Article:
Remembering the troubling historical links between beauty queens and racial politics
FOR many people, the most interesting thing about last weekend’s winner of the Miss America Pageant, Mallory Hagan, is that she lives in Brooklyn. It seemed so incongruous: a beauty queen from the epicenter of all things ironic and progressive. Newspapers have hailed her as the city’s first winner since Bess Myerson took the crown in 1945.
But, in fact, Ms. Hagan, who won the state crown in June, is not the New Yorker reporters have made her out to be. Born in Tennessee and raised in Alabama, she moved to the borough only a few years ago, to attend school.
And that, for me at least, is the more interesting part — and not only because I am the daughter of the 1961 Soil Conservation Queen of Marion and Cass Counties, Tex. Next to winning college football titles, beauty contests seem to be something young Southerners do particularly well. “The modern Southern belle,” the sportswriter Frank Deford once said, has “long been the Pageant ideal.” But why?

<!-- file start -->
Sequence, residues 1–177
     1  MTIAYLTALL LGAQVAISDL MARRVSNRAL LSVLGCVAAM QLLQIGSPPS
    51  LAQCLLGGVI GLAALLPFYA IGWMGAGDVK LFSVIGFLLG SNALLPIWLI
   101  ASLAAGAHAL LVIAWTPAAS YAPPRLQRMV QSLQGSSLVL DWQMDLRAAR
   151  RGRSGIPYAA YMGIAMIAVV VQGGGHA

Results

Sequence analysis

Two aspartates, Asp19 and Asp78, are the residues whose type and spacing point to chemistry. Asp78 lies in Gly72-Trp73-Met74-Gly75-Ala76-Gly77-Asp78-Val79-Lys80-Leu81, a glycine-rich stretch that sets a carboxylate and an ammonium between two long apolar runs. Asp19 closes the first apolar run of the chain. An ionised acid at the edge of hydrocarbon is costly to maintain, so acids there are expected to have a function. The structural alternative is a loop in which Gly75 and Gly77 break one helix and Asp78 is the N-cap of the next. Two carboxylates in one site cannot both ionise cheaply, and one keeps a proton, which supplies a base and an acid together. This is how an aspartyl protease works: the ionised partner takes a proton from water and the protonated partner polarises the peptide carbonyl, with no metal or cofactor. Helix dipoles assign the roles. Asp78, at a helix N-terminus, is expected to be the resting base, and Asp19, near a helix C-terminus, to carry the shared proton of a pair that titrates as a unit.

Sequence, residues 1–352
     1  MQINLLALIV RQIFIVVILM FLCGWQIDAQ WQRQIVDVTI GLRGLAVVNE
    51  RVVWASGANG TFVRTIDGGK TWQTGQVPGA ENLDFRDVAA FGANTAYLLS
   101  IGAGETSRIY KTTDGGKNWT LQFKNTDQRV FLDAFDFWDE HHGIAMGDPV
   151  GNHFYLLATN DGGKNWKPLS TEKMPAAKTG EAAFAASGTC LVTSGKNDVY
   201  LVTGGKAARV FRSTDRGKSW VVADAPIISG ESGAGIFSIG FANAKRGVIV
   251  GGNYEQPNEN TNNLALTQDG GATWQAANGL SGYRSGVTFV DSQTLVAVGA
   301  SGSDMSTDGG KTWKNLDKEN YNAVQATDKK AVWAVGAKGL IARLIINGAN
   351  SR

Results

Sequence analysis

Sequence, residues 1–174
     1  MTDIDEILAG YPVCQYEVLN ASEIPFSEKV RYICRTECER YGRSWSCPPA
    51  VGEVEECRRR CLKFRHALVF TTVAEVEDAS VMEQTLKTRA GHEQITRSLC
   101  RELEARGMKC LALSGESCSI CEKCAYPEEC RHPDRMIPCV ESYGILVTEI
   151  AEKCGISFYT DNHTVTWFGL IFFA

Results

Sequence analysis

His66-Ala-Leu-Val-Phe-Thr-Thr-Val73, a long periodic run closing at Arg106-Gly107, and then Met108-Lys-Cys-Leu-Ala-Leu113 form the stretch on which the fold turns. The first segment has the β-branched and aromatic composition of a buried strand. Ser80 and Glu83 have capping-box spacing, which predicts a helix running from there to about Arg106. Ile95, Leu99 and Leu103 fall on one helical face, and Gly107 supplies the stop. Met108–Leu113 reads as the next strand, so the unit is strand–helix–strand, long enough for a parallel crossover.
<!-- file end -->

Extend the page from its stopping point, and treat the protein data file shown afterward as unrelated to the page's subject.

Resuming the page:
From 1921, when the contest began in Atlantic City, through World War II, only one woman representing a former Confederate state won the competition. Then, beginning in 1947, when a woman from Memphis earned the top honor, the fortunes of Southern contestants rose precipitously. From 1950 to 1963, seven southerners were crowned (each served the following year), including back-to-back wins by Mississippians in 1958 and 1959 — though southerners made up only one-fifth of the possible winners.